When people discuss dyslexia, they mostly talk about difficulty with reading. However, writing can be just as challenging for a person with dyslexia. Happily, I recently read a terrific article by Tom McLaughlin that addresses the subject: A dyslexic author’s writing tips for dyslexic kids. This article is full of great advice for students who struggle with writing:
I’ll level with you, I have a weird relationship with words, mostly I love them, but sometimes, just sometimes they drive me round the bend. Between them falling out of people’s brains and landing on the page, something happens, they become lost or begin to dance around on the paper. It’s like I’m seeing them for the first time. The strange thing is this comes and goes. I have good days and bad. One minute I can be reading the most complicated thing in the world, I feel like I’m surfing along on every sentence, the next minute, I struggle to read the most simple of picture books to a child. Sometimes one I’ve actually written myself. I know, it’s embarrassing.
As an adult with dyslexia, I have definitely found myself in this exact same situation. One of the most frustrating things about having dyslexia is that it is so inconsistent! The fact that you can spell words one minute and then forget how a moment later can make you feel like you are going crazy. McLaughlin continues:
I’m going to say something that’s going to shock you now. You might want to sit down, no, go on, really sit down. Spelling isn’t important. It really isn’t, people get hung up on it. Being able to spell has nothing to do with being a good writer. Being able to know how a car engine works, doesn’t make you a racing driver. It’s about having something to say. It’s about feeling the wind in your hair. If anyone goes at your work with a red pen, grab it off them, snap it in two and throw it out of the window, then ask them to read what you have written, rather than correct it. Corrections can come later.
McLaughlin makes a valuable point. As educators we should be keenly aware of the difference between corrections and criticism. When I ask someone to look at my work in the early stages, I am really asking for a critique. I want to know if the themes and ideas in my writing makes sense.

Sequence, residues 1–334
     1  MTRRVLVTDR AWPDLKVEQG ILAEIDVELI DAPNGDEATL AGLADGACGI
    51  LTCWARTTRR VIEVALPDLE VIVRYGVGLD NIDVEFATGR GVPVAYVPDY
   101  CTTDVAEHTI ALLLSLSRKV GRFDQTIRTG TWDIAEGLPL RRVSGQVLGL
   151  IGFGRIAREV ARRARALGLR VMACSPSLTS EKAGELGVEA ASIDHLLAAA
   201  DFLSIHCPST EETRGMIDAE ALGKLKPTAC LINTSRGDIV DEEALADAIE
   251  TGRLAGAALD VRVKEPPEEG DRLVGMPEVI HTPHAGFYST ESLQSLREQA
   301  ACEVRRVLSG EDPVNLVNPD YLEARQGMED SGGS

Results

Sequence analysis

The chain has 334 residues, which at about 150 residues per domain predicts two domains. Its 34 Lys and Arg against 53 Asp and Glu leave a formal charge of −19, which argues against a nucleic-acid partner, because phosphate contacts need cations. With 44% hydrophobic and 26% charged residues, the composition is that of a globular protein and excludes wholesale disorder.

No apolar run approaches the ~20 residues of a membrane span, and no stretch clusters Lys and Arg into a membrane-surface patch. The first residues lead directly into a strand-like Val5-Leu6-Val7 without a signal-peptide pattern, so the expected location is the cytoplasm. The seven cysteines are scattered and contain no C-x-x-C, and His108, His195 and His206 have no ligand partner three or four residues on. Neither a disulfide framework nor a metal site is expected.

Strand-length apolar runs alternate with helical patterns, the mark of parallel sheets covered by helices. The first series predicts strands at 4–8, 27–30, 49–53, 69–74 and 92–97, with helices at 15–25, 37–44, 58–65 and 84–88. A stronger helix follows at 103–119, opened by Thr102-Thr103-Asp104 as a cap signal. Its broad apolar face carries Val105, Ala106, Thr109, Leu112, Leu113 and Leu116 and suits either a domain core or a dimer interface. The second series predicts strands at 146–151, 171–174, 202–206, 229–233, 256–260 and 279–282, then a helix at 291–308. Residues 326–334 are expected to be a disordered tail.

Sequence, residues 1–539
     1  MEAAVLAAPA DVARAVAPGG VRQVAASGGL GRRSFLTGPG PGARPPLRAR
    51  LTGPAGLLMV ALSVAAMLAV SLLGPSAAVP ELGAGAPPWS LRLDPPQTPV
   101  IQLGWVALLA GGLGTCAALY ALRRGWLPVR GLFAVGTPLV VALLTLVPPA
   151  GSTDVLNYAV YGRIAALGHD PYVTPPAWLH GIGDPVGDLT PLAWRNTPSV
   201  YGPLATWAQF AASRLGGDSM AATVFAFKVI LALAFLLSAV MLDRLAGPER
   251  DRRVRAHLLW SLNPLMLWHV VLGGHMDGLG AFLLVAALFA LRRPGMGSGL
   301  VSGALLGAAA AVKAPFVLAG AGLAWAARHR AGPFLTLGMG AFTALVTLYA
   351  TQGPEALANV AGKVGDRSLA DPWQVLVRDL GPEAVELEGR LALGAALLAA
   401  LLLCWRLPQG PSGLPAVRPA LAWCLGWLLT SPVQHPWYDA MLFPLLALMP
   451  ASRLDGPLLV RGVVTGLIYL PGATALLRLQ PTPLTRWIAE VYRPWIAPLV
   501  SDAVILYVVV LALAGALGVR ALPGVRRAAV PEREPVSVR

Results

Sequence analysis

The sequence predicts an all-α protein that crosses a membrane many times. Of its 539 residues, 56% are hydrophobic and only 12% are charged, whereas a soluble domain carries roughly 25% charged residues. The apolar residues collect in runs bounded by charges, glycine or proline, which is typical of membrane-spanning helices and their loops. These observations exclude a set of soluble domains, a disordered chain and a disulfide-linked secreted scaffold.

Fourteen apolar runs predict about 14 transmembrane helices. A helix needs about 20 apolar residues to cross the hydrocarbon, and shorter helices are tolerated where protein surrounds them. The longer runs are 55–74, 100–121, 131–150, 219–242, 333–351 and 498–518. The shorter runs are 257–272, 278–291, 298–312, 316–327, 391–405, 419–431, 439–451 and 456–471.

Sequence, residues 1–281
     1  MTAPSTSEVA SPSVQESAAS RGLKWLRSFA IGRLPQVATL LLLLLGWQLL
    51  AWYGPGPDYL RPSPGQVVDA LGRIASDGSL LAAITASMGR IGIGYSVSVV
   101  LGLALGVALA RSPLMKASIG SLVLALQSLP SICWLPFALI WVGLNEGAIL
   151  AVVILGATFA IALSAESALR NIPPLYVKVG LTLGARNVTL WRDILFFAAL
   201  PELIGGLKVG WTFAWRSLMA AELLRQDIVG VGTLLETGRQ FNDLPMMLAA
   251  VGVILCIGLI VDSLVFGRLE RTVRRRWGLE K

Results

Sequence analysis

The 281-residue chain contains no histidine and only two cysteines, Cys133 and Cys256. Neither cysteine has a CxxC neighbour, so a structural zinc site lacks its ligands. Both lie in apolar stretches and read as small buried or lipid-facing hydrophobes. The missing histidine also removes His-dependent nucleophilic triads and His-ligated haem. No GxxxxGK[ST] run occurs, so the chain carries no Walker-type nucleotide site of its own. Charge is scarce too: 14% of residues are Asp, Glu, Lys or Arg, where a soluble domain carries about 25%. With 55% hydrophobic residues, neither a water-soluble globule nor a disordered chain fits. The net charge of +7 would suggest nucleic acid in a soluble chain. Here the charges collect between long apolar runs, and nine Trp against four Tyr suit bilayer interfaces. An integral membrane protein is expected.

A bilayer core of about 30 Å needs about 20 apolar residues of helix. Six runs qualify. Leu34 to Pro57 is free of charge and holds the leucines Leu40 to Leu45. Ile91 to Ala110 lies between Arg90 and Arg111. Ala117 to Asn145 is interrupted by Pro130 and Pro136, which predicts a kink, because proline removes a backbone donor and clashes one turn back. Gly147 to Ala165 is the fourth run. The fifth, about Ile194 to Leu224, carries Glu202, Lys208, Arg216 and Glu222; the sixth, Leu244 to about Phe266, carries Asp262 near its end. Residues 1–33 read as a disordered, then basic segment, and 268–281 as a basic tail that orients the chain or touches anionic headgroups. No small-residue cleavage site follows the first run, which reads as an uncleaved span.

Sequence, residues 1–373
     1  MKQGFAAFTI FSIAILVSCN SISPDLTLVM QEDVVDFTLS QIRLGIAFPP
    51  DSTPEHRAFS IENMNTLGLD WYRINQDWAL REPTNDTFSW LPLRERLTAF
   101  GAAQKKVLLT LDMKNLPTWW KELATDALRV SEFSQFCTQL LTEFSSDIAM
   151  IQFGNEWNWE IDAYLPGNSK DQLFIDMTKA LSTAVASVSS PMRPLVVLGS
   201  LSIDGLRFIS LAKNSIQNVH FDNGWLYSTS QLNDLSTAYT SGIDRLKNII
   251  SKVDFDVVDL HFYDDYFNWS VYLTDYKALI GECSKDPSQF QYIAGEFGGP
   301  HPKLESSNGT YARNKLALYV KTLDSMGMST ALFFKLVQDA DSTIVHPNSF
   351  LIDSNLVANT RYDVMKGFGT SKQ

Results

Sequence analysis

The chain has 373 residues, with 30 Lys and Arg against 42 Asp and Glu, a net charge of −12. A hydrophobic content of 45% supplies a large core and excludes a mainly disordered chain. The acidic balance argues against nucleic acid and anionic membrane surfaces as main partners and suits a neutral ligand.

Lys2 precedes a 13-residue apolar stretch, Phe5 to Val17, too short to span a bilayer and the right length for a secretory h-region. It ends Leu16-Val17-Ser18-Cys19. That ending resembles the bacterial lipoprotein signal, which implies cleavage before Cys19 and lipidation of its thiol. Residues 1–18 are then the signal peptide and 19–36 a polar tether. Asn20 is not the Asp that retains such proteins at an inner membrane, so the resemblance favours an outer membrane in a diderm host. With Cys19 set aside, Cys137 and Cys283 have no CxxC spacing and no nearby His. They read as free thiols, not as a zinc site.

However, I can’t even count the number times that someone will hyperfocus on spelling or grammar errors instead. Spelling and grammar are important, but spending time correcting them during the early stages is a distraction. All students benefit from help in organizing their thoughts and crafting their argument. Corrections around spelling and grammar are more helpful, and easier to mentally digest, on the final draft of a piece of writing. For someone with dyslexia, I find that proofreading is such a laborious experience that it completely interrupts my thought process if I do it while I’m still figuring out the general shape of the piece.
McLaughlin encourages students to embrace creative approaches to writing:
Never be afraid to think visually…If you’re not feeling particularly wordy somedays, write without any. Use pictures. Comic strips are stories, they have a beginning, middle and end, they just don’t need any words.
I find this advice extremely helpful. To this day, I will often make storyboards to plan my writing instead of following a traditional outline. Using a visual approach to organizing my ideas is easier because it saves me from being derailed by sentence structure.
Finally, McLaughlin encourages students with dyslexia to get informed and to advocate for themselves:
You should never be afraid to talk about being dyslexic, whenever I tell people, they’re mostly interested, and I get asked all kinds of question. In fact the more I talk about it, the more it feels like I’m getting to know myself a little bit more.
Learn about what dyslexia is, read about it, you’ll find yourself going “I totally do that!” quite a lot. There are many others like you, all of them probably have felt isolated, stupid, like they didn’t belong at some point too.
Don’t ever worry about being wrong. getting things mixed up. I’m going to shock you again now, but teachers are pretty lovely, I know they hide it well, but they are. They will always help.
I think this is a piece of advice that we can all benefit from!
Tom McLaughlin’s latest book is The Story Machine, a story about the power of drawing and storytelling.
- Elizabeth Ross, M.A., SMARTS Media Manager